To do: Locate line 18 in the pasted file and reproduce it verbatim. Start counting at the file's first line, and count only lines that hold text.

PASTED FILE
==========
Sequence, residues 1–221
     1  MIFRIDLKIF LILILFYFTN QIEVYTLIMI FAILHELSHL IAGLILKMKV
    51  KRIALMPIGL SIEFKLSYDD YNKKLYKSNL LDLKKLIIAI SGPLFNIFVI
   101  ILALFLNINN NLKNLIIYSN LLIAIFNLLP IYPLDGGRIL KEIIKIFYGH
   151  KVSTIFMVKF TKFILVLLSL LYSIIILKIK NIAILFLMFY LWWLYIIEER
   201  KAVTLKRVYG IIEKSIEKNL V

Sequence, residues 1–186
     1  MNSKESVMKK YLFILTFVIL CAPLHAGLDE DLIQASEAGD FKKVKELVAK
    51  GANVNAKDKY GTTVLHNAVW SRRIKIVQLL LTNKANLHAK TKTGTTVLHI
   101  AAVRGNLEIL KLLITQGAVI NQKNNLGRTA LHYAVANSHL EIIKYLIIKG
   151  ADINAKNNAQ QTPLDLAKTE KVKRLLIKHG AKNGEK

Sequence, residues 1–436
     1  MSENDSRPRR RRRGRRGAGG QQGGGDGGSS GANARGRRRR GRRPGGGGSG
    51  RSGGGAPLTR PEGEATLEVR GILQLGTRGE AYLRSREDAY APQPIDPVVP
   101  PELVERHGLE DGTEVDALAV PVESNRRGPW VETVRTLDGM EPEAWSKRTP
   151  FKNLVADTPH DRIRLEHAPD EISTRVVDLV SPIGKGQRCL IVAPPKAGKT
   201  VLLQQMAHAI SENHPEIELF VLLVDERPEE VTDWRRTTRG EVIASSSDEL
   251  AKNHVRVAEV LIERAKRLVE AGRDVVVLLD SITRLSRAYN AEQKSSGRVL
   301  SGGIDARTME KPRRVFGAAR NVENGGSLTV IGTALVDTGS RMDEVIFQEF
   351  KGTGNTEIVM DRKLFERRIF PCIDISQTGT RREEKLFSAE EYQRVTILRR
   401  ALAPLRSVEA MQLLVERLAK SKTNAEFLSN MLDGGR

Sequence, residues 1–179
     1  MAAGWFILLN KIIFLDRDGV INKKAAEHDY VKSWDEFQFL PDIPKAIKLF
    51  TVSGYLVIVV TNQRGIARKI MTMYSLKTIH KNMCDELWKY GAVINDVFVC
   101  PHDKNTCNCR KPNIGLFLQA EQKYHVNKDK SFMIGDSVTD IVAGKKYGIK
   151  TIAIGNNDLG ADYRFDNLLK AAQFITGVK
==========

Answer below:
   251  AKNHVRVAEV LIERAKRLVE AGRDVVVLLD SITRLSRAYN AEQKSSGRVL